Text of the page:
The new Grand is a 7-seat touring wagon for all roads. 

Story Bruce McMahon

Jeep’s biggest off-roading family wagon sold in Australia now offers an elongated option – the Grand Cherokee L.

The 5m-long 4WD arrives with 7 seats plus a suite of driver, safety and comfort aids. Along with off-road ability, the big American offers fair value, with prices starting at $82,450. All 3 versions of the Cherokee L run with a 3.6L V6, automatic transmission and permanent 4WD. Drift up to the Summit Reserve model – the most expensive of all today’s Jeeps, costing around $115,450 – and optional extras run to a fair gamut of luxury and new-tech features, from a sunroof to a night vision system that can pick up stray cattle or kangaroos loitering by roadsides up to 100m away.

The Jeep Grand Cherokee L has a handsome road presence, with the usual Jeep styling cues, trapezoidal wheel arches and 7-slot grille. In most colour combinations it belies its price tag, looking more premium than a Toyota Prado or even the more expensive LandCruiser.

The Summit Reserve is also a more comfortable touring machine than the Cruiser. These top-of-the-range Jeeps are more civilised machines to steer than a Cruiser and boast comparable off-road ability thanks to clever 4WD technology and air suspension that can increase ground clearance to 276mm or drop the wagon close to the ground for loading folk or luggage. For the Summit, too, there’s the $5500 option of the advanced technology group package, with a head-up display for road speeds, gear ratios, road names and speed limits, wireless phone charging and the worthwhile night vision.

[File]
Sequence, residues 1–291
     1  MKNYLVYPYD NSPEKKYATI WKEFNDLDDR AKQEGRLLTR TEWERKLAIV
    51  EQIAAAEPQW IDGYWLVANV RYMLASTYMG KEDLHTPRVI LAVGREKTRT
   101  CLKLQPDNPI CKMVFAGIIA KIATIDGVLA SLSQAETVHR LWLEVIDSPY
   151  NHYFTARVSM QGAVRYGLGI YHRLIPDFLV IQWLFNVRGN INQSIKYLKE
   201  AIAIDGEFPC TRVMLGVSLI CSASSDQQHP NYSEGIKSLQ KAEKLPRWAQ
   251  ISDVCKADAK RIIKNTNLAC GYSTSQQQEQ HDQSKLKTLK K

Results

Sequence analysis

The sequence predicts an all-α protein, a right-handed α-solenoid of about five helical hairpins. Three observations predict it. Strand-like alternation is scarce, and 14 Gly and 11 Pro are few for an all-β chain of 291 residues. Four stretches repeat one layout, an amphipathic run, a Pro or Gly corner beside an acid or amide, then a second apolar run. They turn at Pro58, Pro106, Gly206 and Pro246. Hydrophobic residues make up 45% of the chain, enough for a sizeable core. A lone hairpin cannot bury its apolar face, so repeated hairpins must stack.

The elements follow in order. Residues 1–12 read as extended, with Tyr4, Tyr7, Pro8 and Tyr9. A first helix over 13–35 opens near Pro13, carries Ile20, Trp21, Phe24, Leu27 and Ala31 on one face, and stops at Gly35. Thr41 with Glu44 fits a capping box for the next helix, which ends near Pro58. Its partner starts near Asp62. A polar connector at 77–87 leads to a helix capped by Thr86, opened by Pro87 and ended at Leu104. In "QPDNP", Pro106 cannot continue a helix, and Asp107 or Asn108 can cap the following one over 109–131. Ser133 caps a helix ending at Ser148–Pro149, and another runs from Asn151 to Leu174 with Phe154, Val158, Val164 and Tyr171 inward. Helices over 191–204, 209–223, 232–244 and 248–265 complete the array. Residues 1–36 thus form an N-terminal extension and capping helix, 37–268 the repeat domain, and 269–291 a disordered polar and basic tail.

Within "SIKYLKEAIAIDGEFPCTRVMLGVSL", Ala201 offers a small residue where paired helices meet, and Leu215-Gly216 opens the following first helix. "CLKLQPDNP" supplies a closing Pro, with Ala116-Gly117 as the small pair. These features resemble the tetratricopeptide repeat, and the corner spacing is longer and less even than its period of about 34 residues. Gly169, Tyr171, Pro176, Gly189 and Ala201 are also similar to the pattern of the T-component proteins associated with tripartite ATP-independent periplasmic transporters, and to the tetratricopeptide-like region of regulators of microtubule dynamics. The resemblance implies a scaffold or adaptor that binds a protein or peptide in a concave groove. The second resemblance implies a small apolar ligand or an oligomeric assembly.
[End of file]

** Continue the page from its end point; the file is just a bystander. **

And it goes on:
Jeep’s petrol V6 produces 210kW and 344Nm of torque through an 8-speed transmission. The drive train is a little old-school perhaps, but it sounds good and can run at around 11L/100km for a mix of country, town and off-road work (carrying 2 people and a long weekend load), while offering smooth acceleration for overtaking and easy open-road cruising at 1500rpm. Towing for Grand Cherokee Ls is limited to 2813kg (down to 2268kg on the Summit), which may deter some buyers.

Cabin layout and trim are attractive. Standard gear across the 3 versions includes 12 USB ports, Bluetooth connectivity with Apple CarPlay and Android Auto, blind spot monitoring, adaptive cruise control and ‘drowsy driver’ detection. All three rows of seats offer good leg and headroom. Drop the back seats – at the touch of a button on the Summit – and there’s an inordinate amount of cargo room, just over 1300L of space. 

These are spacious and comfortable interiors, with a swag of buttons and controls to be digested, including a welcome row of centre dashboard switches for the likes of turning off the sometimes intrusive lane departure warnings. Jeep’s fingertip controls on the back of the steering wheel for audio systems are easier to find than most.

With a monocoque body – rather than a body on a separate chassis – the Grand Cherokee L is a well-composed wagon on all manner of roads and tracks. Steering feel is well-weighted, steering responses accurate and the vehicle always feels properly planted on bitumen or back roads. Ride comfort is excellent in the air-suspended Summit Reserve and those good road manners and comforts carry through to the big Jeeps’ off-road performances. 

Overall, the Jeep Grand Cherokee L is one of the more relaxed and well-sorted Sports Utility Vehicles, with some off-road credibility. A 5-year, 100,000km warranty and lifetime roadside assistance is offered if serviced at dealers. Move up to the Summit Reserve model and these 7-seaters will head further off road than most family drivers (even Cruiser drivers) are likely to need. After all, Jeep still has a 4WD legend to maintain.

The lack of a diesel engine option, lower towing limits and, perhaps, pricing may not suit everyone, but as a competent family tourer across a range of road conditions, the big Cherokee has its place in an ever-widening choice of SUVs. 

This story excerpt is from Issue #147

Outback Magazine: February/March 2023